Prosecutor: Tsarnaev said martyrs go to heaven
BOSTON — Boston Marathon bombing suspect Dzhokhar Tsarnaev texted a friend 90 minutes after the deadly explosions and said, "Don't go thinking it's me," a federal prosecutor told jurors Monday during opening statements at the friend's obstruction trial.
Assistant U.S. Attorney Stephanie Siegmann also revealed that a month before the bombings, Tsarnaev told the friend, Azamat Tazhayakov, and another pal that "it was good to die" a martyr because you would die "with a smile on your face and go straight to heaven."
Tazhayakov has pleaded not guilty to obstruction of justice and conspiracy charges. He and his roommate, Dias Kadyrbayev, went to Tsarnaev's University of Massachusetts-Dartmouth dorm room several days after the bombing and removed a backpack, fireworks that had been emptied of their black powder and a laptop computer, prosecutors say.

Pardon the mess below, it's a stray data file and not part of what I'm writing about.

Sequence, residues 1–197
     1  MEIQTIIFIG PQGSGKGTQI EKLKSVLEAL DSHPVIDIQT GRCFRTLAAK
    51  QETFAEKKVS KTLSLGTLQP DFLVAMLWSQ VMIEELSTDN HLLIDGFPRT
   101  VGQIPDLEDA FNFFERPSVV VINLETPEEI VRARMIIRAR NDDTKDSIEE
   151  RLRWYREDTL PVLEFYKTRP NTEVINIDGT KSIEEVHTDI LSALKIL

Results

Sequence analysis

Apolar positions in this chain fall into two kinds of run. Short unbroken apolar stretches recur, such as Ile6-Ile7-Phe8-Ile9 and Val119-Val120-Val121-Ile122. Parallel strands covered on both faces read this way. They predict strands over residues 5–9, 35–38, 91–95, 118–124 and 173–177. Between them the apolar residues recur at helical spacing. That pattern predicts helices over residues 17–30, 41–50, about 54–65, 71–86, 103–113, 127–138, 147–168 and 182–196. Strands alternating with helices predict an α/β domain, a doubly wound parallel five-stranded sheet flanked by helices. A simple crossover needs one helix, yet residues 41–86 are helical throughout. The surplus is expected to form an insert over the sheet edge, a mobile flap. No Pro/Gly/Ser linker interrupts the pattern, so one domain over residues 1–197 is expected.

Tazhayakov's defense lawyer told jurors that his client isn't a terrorist and never intended to help Tsarnaev. The attorney, Nicholas Wooldridge, told the jury that Tazhayakov "never even touched that bag" and never agreed to throw it away. He said Kadyrbayev took the backpack and threw it away.
Tsarnaev is accused of working with his now-dead brother to place two bombs near the finish line of the 2013 marathon, killing three people and injured more than 260. His trial is scheduled for November.
Kadyrbayev faces his own trial in September. Investigators said Tazhayakov agreed with the plan to get rid of the backpack but that Kadyrbayev threw it away. A third college friend, Robel Phillipos, is accused of lying to authorities.